I am convinced that with the current trend, the government will have total oversight and control over everything we do before my generation has passed.

I believe now, more than ever, that we need elected officials who will stand for the rule of law, who acknowledge that they do not have the authority to do whatever they want, and who will not compromise their values or beliefs in the Washington cesspool of corruption.  We need forthright people who will speak honestly, even if it means that they endure severe criticism and derision for it.

We need people who will stand by their convictions rather than, as the Psalmist put it, "sit in the seat of mockers."

Lastly, we need candidates who, if elected, will fight unceasingly for the ideals which got them elected in the first place.

I sincerely believe that Ron Paul is such a person, which is why I am supporting him for president.

His record matches his words; his thirty-year career in politics is one of consistency and fidelity to the Constitution.  When he is asked about his views, he is plain-spoken and direct.  He does not try to beguile both sides of the fence in order to win votes.  And when he says he will do something, like cut $1 trillion in federal spending, I take him at his word.

I do not, however, worship Ron Paul, as I saw many literally do of Barack Obama in 2008.  I am guided by my principles, not people.  Should Ron Paul one day forsake them, I will no longer support him.  I don't agree with him on everything, including some of his foreign policy.  But I know that under his presidency, my freedoms would be protected, and I would rather be free than safe from harm.

Ultimately, this is why young conservatives like me support him.

TJ Martinell is a reporter from Bellevue, Washington.  He runs a personal website for his fictional writing at timothyjamesmartinell.com.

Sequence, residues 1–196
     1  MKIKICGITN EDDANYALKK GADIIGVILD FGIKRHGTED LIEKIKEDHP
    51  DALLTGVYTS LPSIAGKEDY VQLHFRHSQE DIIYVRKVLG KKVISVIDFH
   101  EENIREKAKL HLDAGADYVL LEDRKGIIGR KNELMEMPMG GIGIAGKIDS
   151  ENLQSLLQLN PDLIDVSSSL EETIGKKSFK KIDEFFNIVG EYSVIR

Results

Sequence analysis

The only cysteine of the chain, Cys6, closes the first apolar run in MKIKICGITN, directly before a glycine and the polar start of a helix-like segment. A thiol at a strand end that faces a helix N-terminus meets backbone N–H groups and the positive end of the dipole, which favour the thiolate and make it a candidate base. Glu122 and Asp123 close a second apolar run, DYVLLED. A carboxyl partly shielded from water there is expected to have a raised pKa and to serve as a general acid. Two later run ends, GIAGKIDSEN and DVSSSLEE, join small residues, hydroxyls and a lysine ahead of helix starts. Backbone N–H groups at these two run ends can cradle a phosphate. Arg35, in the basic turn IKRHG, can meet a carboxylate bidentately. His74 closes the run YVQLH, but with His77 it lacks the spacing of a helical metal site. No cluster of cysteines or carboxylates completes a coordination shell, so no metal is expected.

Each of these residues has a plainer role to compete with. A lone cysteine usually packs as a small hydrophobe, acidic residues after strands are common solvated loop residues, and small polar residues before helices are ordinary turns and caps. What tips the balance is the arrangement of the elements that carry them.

Ever since Congressman Ron Paul has risen in the polls among the Republican presidential candidates, culminating in a third-place finish in the Iowa Caucus, there has been a lot written about him and his political stances.

Even among those whom I speak to about it, I've noticed a consistent pattern of bemusement over the reason for Ron Paul's popularity, specifically with young conservatives.

I don't expect to convert many people's political beliefs, but I would like to attempt to explain why young conservatives like me support Ron Paul's presidential campaign in the hopes that there might be better understanding of our perspective.

I am twenty-four years old.  For the record, I don't believe in conspiracies involving the Illuminati or the Freemasons, nor do I believe that Zionists caused the September 11 attacks.  I don't have a Confederate flag hanging on my wall, nor do I listen to Alex Jones' radio show.  As a staunch pro-life advocate and Christian, I also do not believe in Ayn Rand's atheistic, pro-choice philosophy of Objectivism.

I say without any exaggeration that our current government has strayed so far from the constitutional republic as originally conceived by the Founding Fathers that drastic changes must be made if we are to restore it.  I am tired of milquetoast, counterfeit conservatives running for public office under the pretense of fighting for limited government, lower taxes, and individual liberty, only to go to Washington and support deficit spending, increase the size of government bureaucracies such as the Department of Education, and pass legislation which erodes our civil liberties under the guise of "national security."

More than ever, we need politicians who practice what they preach, whose lives reflect the integrity they claim to promote.